With this new series, we aim to present the highlights of promising research conducted by Master’s students at the Institute of Public Administration. As we all know, Master’s theses an range from a simple exercise in independent research to interesting and innovative research that often represents the first steps of a young scholar. While we do not claim the findings of such theses take on board all the debates in the scientific community as a PhD thesis is expected to do, we expect their insights and conclusions can inspire new debates.
Today, the first summary of findings offered, is based on a Master’s thesis just defended in our institute, by Nina Straathof. The thesis asks the question whether internet use by governments, in the form of e-participation initiatives, contributes to reduction of corruption. The research uses the United Nations index for e-participation to define (changing) levels of e-government and World Bank good governance indicators (control of corruption) to establish changes in levels of corruption. The relationship between these two should not be expected to be straightforward as the thesis established based on a review of existing literature. Where systems of corruption are linked to political rent seeking, e-participation initiatives are not necessarily contributing to reduction of corruption (Bussell, 2011). Therefore, the student expected that internet use and internet censorship would also matter – if internet is censored, citizens cannot act as government watchdogs.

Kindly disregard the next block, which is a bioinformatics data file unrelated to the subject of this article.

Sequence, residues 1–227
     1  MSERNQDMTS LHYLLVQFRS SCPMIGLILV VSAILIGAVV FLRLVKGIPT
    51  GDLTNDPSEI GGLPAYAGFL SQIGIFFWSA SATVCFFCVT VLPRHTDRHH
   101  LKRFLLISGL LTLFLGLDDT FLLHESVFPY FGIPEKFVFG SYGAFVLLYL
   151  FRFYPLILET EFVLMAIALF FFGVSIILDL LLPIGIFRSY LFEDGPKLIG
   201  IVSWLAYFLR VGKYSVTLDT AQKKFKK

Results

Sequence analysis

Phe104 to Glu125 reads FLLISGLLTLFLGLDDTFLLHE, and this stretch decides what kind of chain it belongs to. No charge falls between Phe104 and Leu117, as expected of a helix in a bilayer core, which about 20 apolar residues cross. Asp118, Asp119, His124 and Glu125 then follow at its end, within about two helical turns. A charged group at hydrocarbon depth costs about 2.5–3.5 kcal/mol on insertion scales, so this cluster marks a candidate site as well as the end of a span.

Conducting several different analyses to establish the relationship between e-government, internet use (World Bank development indicators) and corruption, including various control variables such as GDP and human capital, the author finds that internet use matters more and more for control of corruption, especially in the last ten years. Changes in internet use were found to correlate positively with changes in control of corruption. E-participation, on the other hand, was found to have a negative relationship with control of corruption, especially in countries with low levels of internet use. In other words, internet use was crucial and found to moderate the relationship between e-participation and control of corruption. The last finding in particular is interesting and should be explored further. Does it mean that e-participation and e-services have nothing to do with control of corruption or that, when internet use is low, they somehow become another way of excluding large parts of the public and therefore contribute to perceptions of corruption?